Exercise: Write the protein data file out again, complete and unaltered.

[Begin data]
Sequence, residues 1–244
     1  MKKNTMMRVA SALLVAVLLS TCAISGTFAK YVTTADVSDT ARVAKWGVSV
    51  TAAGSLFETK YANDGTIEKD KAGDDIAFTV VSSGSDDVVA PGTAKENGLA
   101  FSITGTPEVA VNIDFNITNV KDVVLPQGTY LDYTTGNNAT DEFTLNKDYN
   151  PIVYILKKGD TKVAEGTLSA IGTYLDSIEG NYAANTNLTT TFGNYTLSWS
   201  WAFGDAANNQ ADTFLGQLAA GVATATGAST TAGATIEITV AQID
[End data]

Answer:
Sequence, residues 1–244
     1  MKKNTMMRVA SALLVAVLLS TCAISGTFAK YVTTADVSDT ARVAKWGVSV
    51  TAAGSLFETK YANDGTIEKD KAGDDIAFTV VSSGSDDVVA PGTAKENGLA
   101  FSITGTPEVA VNIDFNITNV KDVVLPQGTY LDYTTGNNAT DEFTLNKDYN
   151  PIVYILKKGD TKVAEGTLSA IGTYLDSIEG NYAANTNLTT TFGNYTLSWS
   201  WAFGDAANNQ ADTFLGQLAA GVATATGAST TAGATIEITV AQID